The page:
8.7: Ionic Crystal Structure
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Why are crystals appealing?
Crystals are found everywhere that chemical deposits are located. Ruby crystals are extremely valuable, both because of ruby's beauty and its utility in equipment such as lasers. Some claim that crystals have magical qualities. For others, the "magic" is in the regular structure of the crystal, as the cations and anions line up in a regular order.
Ionic Crystal Structure
Electron dot diagrams show the nature of the electron transfer that takes place between metal and nonmetal atoms. However, ionic compounds do not exist as discrete molecules, as the dot diagrams may suggest. In order to minimize the potential energy of the system, ionic compounds take on the form of an extended three-dimensional array of alternating cations and anions. This maximizes the attractive forces between the oppositely charged ions. The figure below shows two different ways of representing the ionic crystal lattice. A ball and stick model makes it easier to see how individual ions are oriented with respect to one another. A space filling diagram is a more accurate representation of how the ions pack together in the crystal.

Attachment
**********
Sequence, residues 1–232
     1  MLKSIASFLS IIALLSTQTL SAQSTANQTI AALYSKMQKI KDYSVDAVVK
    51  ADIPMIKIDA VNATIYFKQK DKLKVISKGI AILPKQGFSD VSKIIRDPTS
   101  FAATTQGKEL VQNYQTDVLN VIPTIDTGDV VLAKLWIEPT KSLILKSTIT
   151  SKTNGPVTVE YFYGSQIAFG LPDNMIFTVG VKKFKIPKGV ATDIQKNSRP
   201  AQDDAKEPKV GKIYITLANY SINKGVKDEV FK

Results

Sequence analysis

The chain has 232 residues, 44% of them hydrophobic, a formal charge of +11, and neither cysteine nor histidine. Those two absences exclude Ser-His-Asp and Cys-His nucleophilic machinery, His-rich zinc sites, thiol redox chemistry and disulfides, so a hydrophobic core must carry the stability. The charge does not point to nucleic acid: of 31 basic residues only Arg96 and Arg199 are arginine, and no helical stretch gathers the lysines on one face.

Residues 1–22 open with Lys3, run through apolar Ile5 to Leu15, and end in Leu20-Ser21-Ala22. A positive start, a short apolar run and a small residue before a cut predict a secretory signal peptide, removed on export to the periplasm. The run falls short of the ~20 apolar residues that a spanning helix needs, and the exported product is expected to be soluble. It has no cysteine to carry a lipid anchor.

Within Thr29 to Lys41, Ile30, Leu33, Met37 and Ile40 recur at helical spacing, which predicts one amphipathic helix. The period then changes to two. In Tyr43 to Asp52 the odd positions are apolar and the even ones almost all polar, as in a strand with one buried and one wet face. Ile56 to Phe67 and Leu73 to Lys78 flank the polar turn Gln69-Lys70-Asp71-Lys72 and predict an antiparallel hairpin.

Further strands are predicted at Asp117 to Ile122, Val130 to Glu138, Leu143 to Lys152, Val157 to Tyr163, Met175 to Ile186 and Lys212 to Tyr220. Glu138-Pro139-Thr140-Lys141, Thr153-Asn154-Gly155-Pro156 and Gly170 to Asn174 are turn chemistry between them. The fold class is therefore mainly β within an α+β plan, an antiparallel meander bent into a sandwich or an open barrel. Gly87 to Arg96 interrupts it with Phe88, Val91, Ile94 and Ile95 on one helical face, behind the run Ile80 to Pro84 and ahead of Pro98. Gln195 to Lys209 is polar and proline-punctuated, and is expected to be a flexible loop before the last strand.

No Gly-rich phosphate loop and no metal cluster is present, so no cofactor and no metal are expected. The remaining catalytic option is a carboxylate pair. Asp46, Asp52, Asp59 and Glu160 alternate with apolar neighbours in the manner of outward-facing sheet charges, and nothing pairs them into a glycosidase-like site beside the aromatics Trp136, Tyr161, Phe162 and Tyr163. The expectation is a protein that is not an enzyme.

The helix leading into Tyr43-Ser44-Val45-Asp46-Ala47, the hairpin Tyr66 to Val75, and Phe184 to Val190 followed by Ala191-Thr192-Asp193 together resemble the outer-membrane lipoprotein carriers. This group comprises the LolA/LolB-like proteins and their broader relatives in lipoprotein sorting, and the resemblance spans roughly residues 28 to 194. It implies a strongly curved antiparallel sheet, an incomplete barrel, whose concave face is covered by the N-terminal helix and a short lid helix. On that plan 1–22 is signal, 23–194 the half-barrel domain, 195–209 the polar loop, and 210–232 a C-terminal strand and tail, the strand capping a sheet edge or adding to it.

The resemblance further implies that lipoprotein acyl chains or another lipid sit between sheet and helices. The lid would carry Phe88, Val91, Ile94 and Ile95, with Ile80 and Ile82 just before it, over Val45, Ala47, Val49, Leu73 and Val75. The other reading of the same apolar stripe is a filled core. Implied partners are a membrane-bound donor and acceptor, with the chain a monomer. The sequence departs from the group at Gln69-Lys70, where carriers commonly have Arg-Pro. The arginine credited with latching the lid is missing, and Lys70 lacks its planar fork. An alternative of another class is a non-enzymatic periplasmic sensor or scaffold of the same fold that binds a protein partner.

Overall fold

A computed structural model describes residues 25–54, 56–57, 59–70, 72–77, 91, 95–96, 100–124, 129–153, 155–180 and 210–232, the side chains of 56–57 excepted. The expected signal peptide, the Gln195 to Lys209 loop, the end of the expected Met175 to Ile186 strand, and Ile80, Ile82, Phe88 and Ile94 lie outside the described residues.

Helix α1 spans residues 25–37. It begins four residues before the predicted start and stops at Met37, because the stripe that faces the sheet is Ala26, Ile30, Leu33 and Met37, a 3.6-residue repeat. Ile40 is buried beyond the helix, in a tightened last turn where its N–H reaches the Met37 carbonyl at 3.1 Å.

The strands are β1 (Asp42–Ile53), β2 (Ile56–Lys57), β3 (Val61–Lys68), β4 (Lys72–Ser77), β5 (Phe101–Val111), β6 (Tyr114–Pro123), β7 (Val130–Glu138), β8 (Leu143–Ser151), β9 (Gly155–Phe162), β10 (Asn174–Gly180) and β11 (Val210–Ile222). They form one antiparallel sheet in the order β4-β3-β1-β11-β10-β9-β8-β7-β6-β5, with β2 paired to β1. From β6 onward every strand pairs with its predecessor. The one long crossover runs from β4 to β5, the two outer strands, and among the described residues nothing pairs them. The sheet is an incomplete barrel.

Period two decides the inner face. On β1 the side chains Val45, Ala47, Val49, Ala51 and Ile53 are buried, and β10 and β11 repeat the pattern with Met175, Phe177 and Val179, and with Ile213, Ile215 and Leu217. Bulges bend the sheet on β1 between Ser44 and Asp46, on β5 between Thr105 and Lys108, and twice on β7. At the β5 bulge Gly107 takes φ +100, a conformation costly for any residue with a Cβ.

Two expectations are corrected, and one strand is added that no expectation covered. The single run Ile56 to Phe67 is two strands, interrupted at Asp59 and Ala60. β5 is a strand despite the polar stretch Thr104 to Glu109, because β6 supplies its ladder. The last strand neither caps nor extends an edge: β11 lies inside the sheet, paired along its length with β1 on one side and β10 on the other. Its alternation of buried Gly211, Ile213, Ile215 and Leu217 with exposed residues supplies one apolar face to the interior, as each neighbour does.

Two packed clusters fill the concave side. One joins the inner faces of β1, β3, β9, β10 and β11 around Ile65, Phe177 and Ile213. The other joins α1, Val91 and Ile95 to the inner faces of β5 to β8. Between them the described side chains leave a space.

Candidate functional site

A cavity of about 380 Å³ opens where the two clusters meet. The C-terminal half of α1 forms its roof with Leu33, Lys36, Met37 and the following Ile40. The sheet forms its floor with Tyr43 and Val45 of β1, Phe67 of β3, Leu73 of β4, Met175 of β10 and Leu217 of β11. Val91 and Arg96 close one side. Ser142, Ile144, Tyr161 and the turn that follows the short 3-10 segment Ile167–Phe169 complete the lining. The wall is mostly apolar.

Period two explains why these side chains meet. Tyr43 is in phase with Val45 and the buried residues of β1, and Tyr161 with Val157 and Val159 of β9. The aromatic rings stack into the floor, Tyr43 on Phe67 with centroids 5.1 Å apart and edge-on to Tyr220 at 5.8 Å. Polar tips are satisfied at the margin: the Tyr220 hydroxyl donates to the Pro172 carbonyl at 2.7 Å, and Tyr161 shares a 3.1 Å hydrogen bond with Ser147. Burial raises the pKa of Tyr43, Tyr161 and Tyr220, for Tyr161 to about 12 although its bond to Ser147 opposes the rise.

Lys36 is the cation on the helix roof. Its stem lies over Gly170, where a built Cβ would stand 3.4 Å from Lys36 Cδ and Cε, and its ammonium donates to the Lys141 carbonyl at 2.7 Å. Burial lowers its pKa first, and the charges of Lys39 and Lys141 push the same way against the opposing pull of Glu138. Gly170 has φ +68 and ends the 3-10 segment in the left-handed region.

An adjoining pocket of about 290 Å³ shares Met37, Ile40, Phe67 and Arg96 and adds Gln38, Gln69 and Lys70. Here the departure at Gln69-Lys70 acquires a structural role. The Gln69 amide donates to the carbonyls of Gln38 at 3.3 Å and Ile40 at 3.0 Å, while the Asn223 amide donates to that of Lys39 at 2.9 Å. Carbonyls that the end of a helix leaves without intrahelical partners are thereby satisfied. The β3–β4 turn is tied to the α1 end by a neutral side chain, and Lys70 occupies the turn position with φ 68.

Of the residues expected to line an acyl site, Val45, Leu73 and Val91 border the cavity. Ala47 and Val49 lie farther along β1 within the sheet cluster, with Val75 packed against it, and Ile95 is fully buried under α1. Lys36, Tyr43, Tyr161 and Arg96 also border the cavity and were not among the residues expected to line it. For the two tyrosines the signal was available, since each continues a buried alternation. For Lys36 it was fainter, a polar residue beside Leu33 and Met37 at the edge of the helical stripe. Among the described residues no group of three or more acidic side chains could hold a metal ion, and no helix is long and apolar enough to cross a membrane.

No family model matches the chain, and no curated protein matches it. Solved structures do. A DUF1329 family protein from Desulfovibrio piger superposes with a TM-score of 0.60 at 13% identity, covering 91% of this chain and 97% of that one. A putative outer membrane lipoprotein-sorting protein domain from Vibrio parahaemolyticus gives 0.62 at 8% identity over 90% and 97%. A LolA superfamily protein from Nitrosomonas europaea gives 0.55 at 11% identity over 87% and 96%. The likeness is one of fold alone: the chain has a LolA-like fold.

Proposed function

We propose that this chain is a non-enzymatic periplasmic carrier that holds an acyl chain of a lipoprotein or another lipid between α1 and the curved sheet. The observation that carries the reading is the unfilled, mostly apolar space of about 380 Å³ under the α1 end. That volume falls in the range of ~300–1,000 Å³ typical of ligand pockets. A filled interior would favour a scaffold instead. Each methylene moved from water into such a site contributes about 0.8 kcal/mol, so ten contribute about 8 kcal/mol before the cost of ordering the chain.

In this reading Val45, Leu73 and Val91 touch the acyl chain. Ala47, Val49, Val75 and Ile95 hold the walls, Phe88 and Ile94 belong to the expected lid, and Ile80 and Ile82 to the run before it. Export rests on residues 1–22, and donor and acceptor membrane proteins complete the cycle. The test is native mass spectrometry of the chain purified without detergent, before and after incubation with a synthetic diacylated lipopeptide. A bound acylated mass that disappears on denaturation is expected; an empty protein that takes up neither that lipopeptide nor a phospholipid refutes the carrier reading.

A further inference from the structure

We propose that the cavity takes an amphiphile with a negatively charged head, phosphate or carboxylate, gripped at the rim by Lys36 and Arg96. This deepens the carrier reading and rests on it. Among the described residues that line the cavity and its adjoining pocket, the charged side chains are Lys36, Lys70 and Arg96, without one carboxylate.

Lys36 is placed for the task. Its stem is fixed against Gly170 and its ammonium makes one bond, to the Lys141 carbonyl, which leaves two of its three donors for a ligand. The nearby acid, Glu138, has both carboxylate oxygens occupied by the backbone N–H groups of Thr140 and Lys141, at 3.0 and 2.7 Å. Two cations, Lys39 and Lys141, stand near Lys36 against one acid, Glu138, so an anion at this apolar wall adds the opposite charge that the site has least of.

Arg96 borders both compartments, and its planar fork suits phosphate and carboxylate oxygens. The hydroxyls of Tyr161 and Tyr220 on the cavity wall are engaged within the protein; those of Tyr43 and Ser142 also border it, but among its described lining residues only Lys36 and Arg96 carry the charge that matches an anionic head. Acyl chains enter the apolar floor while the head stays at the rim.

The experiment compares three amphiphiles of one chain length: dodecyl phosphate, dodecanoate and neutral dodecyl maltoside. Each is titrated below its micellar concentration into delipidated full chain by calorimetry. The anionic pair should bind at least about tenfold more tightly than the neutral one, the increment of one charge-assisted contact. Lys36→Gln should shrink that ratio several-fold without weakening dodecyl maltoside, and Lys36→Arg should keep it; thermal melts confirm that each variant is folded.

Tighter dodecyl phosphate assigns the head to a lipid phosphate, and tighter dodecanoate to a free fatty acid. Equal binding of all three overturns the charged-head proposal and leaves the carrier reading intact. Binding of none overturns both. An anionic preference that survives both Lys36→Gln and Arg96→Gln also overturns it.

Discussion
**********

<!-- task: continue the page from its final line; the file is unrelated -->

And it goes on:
Naturally occurring sodium chloride (halite) does not look at first glance like the neat diagrams shown above. It is only when we use modern techniques to analyze the crystal structure at the atomic level that we can see the true regularity of the organized ions.
- Ionic compounds take on the form of extended three-dimensional arrays of cations and anions.
- The arrangement maximizes the attractive force between oppositely-charged ions.
- Why do ionic compounds form crystal structure instead of discrete molecules?
- Ions arrange themselves in three-dimensional array to maximize what type of force
- Which of the following would best describe how ions in an ionic compound arrange themselves?
- an orderly pattern